Gargoyle’s Quest is deceptive. It likes to pretend it’s more than a hardcore, challenging platformer, and it’s largely been forgotten to history like many substandard Game Boy Games. The deception is that the game is really little more than a platformer, and it’s anything but substandard.
The game, which is an offshoot of the Ghosts & Goblins universe, kicks off with a story sequence, and then a top down, isometric cut scene involving sprites and dialogue boxes that look eerily like a Final Fantasy game.
“What, have I just bought a Capcom RPG?” Will likely be your first thought. Taking control of the gargoyle (Firebrand) that is at the centre of this little “fight the invasion” plot, you’ll wander around a featureless room, and then, like with any other old-school RPG, attempt to leave the room from a doorway located at the south of the room.
And you’ll be taken to a platform sequence, and suddenly Gargoyle’s Quest makes sense. In true retro style, Gargoyle’s Quest is almost as challenging as Ghosts & Goblins; traps are placed in the most inconvenient spots, and enemies are unrelenting… and that’s just the first level. It gets harder and harder the further you go, making this the first Game Boy game to be released on the Virtual Console where a “game over” screen is a genuine possibility.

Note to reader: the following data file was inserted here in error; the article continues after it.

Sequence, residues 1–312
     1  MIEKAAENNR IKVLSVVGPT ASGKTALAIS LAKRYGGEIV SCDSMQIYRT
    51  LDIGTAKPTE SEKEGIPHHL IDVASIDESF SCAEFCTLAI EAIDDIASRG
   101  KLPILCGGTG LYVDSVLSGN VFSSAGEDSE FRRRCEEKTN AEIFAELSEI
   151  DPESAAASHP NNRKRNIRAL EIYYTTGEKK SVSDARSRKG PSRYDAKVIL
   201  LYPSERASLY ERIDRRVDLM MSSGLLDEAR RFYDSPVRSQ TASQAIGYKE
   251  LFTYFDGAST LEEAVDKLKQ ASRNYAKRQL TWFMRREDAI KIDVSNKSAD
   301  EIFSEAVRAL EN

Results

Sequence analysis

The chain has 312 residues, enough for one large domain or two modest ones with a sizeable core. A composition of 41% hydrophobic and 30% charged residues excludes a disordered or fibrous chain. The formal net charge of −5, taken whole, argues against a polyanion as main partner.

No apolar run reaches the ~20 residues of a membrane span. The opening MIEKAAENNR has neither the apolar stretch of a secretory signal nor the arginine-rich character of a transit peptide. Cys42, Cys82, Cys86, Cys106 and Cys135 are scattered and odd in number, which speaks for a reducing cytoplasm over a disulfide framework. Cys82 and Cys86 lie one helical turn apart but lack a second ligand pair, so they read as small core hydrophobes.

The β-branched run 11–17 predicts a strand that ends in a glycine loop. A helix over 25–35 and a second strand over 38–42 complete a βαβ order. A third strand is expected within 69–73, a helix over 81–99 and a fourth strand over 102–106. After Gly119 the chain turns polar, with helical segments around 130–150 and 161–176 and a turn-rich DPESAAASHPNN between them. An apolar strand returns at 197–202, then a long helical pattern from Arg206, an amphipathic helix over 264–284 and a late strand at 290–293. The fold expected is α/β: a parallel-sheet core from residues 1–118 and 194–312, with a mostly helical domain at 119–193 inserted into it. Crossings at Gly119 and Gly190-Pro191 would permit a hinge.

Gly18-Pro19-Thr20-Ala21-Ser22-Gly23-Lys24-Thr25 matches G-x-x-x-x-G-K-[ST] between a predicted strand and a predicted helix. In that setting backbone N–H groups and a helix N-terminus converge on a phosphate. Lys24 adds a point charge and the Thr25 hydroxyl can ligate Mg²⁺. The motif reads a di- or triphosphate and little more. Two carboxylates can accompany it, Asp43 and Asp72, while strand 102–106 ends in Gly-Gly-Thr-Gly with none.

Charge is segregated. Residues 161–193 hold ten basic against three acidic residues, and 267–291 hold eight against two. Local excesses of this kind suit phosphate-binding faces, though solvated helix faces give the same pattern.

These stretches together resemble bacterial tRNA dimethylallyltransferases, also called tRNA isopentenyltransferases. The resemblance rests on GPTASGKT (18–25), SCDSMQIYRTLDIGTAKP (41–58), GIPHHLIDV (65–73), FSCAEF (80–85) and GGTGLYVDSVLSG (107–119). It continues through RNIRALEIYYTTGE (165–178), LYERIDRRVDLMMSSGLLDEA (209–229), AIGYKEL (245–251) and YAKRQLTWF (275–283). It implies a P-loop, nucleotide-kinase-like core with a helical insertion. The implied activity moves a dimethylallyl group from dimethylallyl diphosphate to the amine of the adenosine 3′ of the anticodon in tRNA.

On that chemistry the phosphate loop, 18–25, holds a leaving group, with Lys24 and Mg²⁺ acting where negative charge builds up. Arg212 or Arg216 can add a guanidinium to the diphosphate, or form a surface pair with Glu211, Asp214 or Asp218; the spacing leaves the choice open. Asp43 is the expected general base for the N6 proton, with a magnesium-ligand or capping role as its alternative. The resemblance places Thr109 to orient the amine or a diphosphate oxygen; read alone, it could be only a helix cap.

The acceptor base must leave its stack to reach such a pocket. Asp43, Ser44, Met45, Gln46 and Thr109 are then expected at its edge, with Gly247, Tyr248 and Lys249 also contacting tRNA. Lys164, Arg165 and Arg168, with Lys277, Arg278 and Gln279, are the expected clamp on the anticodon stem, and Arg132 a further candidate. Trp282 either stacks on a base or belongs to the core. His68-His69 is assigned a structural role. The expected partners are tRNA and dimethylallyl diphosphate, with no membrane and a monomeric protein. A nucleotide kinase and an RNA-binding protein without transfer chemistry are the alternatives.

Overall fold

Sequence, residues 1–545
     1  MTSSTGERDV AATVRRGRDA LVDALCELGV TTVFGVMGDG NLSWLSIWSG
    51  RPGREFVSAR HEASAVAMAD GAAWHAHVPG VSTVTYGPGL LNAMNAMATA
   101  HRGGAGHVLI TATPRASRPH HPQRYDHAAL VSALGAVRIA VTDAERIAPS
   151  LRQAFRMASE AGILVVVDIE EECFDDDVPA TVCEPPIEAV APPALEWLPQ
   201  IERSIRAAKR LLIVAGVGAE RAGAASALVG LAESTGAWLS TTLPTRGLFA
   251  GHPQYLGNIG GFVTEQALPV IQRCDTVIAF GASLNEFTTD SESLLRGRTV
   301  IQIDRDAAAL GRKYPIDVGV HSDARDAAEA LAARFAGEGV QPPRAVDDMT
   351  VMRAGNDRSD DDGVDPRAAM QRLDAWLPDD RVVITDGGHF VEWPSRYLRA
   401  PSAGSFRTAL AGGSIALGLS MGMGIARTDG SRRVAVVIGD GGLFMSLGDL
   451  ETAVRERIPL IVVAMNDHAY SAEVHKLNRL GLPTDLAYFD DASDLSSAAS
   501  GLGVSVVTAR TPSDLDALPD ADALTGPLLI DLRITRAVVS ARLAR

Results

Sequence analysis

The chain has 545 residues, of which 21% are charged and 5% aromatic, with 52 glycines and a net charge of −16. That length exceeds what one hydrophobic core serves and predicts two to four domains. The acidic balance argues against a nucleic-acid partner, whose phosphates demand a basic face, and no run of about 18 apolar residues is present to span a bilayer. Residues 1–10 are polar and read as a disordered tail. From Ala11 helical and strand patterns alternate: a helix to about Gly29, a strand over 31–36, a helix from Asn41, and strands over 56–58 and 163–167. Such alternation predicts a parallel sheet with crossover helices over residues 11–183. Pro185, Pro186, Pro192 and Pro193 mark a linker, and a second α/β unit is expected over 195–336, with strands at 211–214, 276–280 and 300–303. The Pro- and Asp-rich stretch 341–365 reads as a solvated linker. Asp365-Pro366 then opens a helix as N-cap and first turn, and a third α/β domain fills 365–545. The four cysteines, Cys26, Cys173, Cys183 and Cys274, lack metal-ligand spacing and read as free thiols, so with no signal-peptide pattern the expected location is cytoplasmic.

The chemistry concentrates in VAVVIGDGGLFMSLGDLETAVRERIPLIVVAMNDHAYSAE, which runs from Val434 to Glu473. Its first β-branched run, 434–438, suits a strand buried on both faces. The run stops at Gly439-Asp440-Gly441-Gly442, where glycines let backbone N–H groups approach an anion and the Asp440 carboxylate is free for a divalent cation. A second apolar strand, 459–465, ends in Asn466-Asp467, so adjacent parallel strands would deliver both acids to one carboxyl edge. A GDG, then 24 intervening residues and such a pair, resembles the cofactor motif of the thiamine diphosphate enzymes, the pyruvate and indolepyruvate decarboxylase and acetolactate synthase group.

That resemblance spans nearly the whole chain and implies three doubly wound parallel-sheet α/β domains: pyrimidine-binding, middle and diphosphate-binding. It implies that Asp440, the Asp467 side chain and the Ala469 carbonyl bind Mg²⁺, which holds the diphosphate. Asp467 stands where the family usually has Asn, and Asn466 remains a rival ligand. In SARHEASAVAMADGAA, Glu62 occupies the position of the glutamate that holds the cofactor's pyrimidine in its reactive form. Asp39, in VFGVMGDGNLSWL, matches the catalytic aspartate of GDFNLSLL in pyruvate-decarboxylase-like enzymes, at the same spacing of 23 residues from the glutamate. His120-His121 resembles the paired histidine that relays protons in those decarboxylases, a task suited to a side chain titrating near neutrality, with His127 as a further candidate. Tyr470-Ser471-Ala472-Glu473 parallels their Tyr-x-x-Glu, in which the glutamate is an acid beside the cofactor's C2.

Beyond that initial thrill and challenge, Gargoyle’s quest quickly settles into a familiar rhythm. Yes, there is some top-down RPG-style movement over an overworld, and some non-linear exploration on offer, but this isn’t really an RPG. There’s not a whole lot to upgrade (just the distance Firebrand can use his wings to hover, his lives count, and his health bar), and the interactions with townsfolk and overarching story are all as thin as you’d expect from an old game. It is nice that Capcom tried it all that time ago, though.
The platforming itself is rock solid. Firebrand has all the skills you’d expect – he has some magical abilities, as well as the ability to hover (with the aforementioned ability to upgrade that ability to reach new areas as the game wears on), and cling to walls.
As I mentioned before though, this game puts those basic abilities to work to the nth degree; this is a challenging platformer. And because of that, it’s a reasonably long platformer. The nicest thing about this being on the Virtual Console is the suspend feature. The original game required passwords to “save” progress. Here, you can just pause the game in the middle of play to come back to it.
All up, this is the best platformer to be released on the Virtual Console to date. It’s by no means a perfect game, and the difficulty will put off many of the new generations of gamers, but for those with a taste for the retro, here’s a very good reason to log on to the eShop.